Roger described how he was contacted two weeks before last Christmas by the BBC and offered a commission to record the closure of Kellingley Colliery. Apparently one of the miners the Beeb had been talking to has a copy of one of Tiley’s books depicting his work documenting the miners in another colliery. It didn’t take long for Roger to accept the job and was soon on his way to a pre-booked hotel.
Before being permitted down the pit Tiley had to attend a Health and Safety briefing, which consisted of an hour-long video; access to the coalface was transport by elevator, ‘train’ and a scary high-speed coal conveyor.
Because many of the miners had been laid off and those working on the closure were labelled as ‘SCABS’ the situation on site was very sensitive. When in the works canteen no one was permitted to order Sausage Chips And Beans (SCAB) on pain of removal from site.
Tiley informed us that he delayed commencing the shoot to form a relationship with the miners and feels that it’s very important to generate a rapport with the subject of the shoot regardless of the possibility of missing photo opportunities due to initial relationship building. Roger talked about attitudes and the changing atmosphere during month-long shoot and despite the imminent pit closure the miners were always friendly and helpful to him.
Tiley stayed for the full 12 hour shifts with the miners, which helped to prove him worthy of their trust and his unique position as the only photographer on site with the opportunity to capture the changing mood of the miners.
Tiley said that his Nikon D810 frequently steamed-up due to the humid atmosphere, also that he only used a 35mm lens with the available light from miners’ helmets as flash units are not permitted in the mine. Tiley said that the miners drank two gallons of water per day just to remain hydrated in the humid atmosphere.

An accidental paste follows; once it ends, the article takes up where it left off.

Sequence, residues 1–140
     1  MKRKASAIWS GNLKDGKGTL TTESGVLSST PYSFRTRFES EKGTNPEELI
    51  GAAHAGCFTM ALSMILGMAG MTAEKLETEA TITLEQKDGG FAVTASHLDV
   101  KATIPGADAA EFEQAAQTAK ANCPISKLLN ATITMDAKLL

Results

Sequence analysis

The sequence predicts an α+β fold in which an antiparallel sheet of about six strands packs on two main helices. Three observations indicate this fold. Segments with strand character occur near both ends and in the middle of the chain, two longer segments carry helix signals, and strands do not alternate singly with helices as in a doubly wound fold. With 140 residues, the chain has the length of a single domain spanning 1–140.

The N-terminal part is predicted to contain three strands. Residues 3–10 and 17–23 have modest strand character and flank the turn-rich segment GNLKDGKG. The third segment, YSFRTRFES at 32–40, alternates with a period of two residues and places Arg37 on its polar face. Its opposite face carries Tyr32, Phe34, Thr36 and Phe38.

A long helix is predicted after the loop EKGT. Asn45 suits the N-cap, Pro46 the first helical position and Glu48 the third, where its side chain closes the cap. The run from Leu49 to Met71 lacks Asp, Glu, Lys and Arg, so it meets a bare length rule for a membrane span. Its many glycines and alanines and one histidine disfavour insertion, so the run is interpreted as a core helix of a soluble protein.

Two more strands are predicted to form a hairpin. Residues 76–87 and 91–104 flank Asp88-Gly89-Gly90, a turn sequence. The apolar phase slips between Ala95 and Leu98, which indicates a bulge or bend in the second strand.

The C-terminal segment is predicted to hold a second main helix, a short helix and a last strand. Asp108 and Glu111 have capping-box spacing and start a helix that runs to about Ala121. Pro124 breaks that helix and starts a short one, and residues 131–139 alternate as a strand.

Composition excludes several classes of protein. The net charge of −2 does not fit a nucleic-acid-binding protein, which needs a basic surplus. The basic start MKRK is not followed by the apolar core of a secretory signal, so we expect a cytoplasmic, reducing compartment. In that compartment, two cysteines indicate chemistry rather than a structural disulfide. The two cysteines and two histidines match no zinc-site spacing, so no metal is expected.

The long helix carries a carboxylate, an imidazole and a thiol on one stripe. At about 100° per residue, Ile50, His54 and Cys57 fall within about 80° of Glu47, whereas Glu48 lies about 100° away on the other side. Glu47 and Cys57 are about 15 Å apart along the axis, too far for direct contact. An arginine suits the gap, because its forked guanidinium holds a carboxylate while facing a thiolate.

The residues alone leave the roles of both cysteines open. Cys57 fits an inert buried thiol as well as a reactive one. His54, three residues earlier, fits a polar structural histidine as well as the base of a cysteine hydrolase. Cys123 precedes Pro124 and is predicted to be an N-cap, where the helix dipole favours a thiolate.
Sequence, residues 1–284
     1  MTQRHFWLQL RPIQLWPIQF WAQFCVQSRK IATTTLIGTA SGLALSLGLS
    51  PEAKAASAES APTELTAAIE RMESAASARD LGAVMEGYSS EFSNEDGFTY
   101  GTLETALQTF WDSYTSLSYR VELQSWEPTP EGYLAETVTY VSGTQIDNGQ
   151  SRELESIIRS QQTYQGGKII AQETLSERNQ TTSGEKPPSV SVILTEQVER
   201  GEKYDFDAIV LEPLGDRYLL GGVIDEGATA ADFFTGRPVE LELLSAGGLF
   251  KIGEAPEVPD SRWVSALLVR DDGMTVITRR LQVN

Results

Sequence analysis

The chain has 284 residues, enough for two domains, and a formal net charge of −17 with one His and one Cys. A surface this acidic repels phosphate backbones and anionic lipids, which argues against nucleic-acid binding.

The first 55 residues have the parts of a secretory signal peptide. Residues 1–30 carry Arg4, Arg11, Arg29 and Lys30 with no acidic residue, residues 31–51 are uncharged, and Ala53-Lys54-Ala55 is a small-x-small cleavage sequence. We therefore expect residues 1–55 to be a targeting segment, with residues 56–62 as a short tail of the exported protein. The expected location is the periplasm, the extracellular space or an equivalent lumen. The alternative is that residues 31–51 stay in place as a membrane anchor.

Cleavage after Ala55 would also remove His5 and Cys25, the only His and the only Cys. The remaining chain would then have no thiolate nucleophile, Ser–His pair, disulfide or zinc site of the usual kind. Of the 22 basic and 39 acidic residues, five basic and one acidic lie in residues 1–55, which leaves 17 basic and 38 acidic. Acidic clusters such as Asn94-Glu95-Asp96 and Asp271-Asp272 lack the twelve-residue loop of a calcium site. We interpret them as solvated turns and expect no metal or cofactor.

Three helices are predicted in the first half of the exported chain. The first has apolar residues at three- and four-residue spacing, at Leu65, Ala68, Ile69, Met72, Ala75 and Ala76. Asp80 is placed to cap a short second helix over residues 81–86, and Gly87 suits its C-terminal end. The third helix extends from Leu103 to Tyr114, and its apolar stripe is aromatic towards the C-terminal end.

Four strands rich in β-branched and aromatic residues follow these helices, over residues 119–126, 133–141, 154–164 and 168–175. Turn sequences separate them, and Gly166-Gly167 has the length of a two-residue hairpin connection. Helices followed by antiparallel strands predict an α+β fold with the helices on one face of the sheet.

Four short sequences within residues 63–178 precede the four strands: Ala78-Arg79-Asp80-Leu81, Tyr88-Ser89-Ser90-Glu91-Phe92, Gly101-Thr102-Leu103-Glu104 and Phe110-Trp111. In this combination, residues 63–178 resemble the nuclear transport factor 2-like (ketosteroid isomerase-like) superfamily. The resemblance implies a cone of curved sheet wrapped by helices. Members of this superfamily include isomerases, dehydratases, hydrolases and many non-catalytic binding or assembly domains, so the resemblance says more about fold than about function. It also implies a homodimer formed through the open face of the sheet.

We were shown an image of a hesitant man charged with the job of totally shutting-down the pit, all the pumps and ventilation equipment, signifying the end of the colliery. The image was of a man whose hand was hovering over the computer mouse to deliver the final blow.
Roger suggested that we should all trust our instincts and quoted Dorothea Lange’s comment about returning to the Pea Pickers Camp where she captured her iconic image of Migrant Mother whilst working for the Farm Security Administration during the US Depression in 1936. Lange had been driving home on her seven-hour journey when she saw the sign ‘Pea Pickers Camp’, initially she drove on by, but then after 20 miles she felt an “inner compulsion” to turn back. What resulted was the photograph that changed her life.
He also mentioned the David Hurn quote “you have to be there to take it”. Tiley trained with David Hurn who set-up the internationally famous School of Documentary Photography in Newport in 1973.
Roger said that he’s been accused of being “traditional, old fashioned” in his approach to documentary photography, but it’s a format that I relate to and enjoy. He also said, “what’s the point of photographing things you don’t want to?”
Tiley was lamenting over the current situation with providing images to the media, stressing that all the newspapers want is a photo to support the text and not necessarily for the picture to tell a story. So many images are captured on mobile ‘phones or DSLRs capturing 12 frames per second for instant uploading to the news agency, these agencies are now only willing to pay less than they did 20 years ago.
Documentary Photographer Tom Stoddart, who I saw at the Photography Show at the NEC in Birmingham, advises that when supplying images for media clients that one has to “make it easy and cheap for Picture Editors”, which echoed the sentiments of Tiley.
The remarkable thing is that Tiley said he currently makes 50% of his income from photos taken 30 years ago, “it’s always worth producing quality products” he added.
Roger Tiley’s talk was very interesting, engaging and inspirational and confirmed the path of my photographic journey and gave me a sense of clarity of direction, an enjoyable night out.
My evening was rounded-off by meeting one of my photography heroes, Magnum Photographer David Hurn. It was great to have a conversation about photography with a man whose work I enjoy and respect.